Skip to main content

Sri Lanka’s Northern Council seeks international war crimes probe

SHARE  ·   PRINT   ·   T+  
Sri Lanka’s Northern Provincial Council (NPC) passed a resolution on Monday calling for an international probe into the war crimes allegedly committed during the country’s ethnic conflict.
The resolution was proposed by NPC membe
r M.K. Shivajilingam of the Tamil National Alliance (TNA), which formed the NPC administration after winning the 2013 provincial elections.
The resolution comes less than two months before the United Nations Human Rights Commissioner Navi Pillay is due to submit a written report to the Human Rights Council in Geneva, on the progress made by Sri Lanka in fixing accountability for alleged war crimes.
The Northern Council has sought an international inquiry into the Sri Lankan government’s acts of “ethnic cleansing”, Mr. Shivajilingam told The Hindu . He proposed a second resolution calling for rejecting Sri Lanka’s own inquiry mechanisms set up to probe the allegations.
The 38-member Council, of which 30 belong to the TNA, passed all three resolutions but not before several rounds of debate on whether the term “genocide” should be used.
Sources said Chief Minister C.V. Wigneswaran, widely regarded as a moderate voice within the TNA, insisted that the term “genocide” be avoided.
Another resolution passed at Monday’s Council called for building a monument at Mullivaikkal, in Mullaitivu, in memory of civilians killed in the final military assault on the LTTE in May 2009.
Until late Monday, the Sri Lankan government had not responded to the resolutions.

Comments

Popular posts from this blog

SC asks Centre to strike a balance on Rohingya issue (.hindu)

Supreme Court orally indicates that the government should not deport Rohingya “now” as the Centre prevails over it to not record any such views in its formal order, citing “international ramifications”.

The Supreme Court on Friday came close to ordering the government not to deport the Rohingya.

It finally settled on merely observing that a balance should be struck between humanitarian concern for the community and the country's national security and economic interests.

The court was hearing a bunch of petitions, one filed by persons within the Rohingya community, against a proposed move to deport over 40,000 Rohingya refugees. A three-judge Bench, led by Chief Justice of India Dipak Misra, began by orally indicating that the government should not deport Rohingya “now”, but the government prevailed on the court to not pass any formal order, citing “international ramifications”. With this, the status quo continues even though the court gave the community liberty to approach it in …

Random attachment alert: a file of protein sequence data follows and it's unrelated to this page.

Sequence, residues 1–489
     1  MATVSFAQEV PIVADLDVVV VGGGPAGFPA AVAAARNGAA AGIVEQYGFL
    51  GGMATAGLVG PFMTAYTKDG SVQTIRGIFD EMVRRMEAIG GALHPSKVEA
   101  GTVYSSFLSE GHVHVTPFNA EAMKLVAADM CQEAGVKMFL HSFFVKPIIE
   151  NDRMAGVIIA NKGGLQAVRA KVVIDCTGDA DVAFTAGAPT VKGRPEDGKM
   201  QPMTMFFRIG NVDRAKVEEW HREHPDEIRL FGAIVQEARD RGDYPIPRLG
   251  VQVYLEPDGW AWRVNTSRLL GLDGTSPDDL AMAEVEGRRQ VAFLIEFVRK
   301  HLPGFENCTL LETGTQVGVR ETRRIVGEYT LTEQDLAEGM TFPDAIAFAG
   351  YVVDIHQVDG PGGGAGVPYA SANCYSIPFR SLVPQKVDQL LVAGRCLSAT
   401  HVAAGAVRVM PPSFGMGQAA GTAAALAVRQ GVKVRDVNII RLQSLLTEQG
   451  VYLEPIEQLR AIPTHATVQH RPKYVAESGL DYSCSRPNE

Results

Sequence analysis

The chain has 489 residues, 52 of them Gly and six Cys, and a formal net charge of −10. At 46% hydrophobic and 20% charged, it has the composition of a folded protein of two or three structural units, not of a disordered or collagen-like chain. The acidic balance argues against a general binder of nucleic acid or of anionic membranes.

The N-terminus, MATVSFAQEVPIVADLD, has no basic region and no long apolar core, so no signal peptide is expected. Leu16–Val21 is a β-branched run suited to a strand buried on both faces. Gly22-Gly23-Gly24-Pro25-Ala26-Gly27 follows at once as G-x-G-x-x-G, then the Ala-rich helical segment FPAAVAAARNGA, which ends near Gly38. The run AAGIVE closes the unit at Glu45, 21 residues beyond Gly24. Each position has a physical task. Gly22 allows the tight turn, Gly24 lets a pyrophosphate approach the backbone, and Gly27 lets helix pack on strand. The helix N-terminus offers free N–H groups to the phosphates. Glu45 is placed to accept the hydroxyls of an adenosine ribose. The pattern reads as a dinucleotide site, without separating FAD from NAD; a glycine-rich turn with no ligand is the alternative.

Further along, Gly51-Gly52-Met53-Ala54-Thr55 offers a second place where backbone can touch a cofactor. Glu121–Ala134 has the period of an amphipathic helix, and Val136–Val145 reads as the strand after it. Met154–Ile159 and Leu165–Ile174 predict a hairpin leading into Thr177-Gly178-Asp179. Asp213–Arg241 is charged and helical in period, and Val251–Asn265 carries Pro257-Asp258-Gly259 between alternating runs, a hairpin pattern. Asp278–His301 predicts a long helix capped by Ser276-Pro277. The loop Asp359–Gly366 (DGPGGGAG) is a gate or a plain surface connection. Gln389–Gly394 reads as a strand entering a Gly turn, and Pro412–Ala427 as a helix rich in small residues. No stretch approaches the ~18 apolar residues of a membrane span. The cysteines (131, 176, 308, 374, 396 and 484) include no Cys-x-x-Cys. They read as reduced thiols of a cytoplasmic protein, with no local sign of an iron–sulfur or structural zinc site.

Khar’s experimentation with Himalayan nettle brings recognition (downtoearth)

Nature never fails to surprise us. In many parts of the world, natural resources are the only source of livelihood opportunities available to people. They can be in the form of wild shrubs like Daphne papyracea and Daphne bholua (paper plant) that are used to make paper or Gossypium spp (cotton) that forms the backbone of the textile industry.

Nothing can compete with the dynamism of biological resources. Recently, Girardinia diversifolia (Himalayan nettle), a fibre-yielding plant, has become an important livelihood option for people living in the remote mountainous villages of the Hindu Kush Himalaya.

There is a community in Khar, a hamlet in Darchula district in far-western Nepal, which produces fabrics from Himalayan nettle. The fabric and the things made from it are sold in local as well as national and international markets as high-end products.

A Himalayan nettle value chain development initiative implemented by the Kailash Sacred Landscape Conservation and Development Initiati…

The Chipko movement as it stands today

The idea behind the Chipko movement originated in early 1970s from Mandal, a village in Chamoli district of Uttarakhand. Forty-three years later, Down To Earth travelled to Chamoli and Tehri Garhwal and spoke to the participants of this movement about its relevance today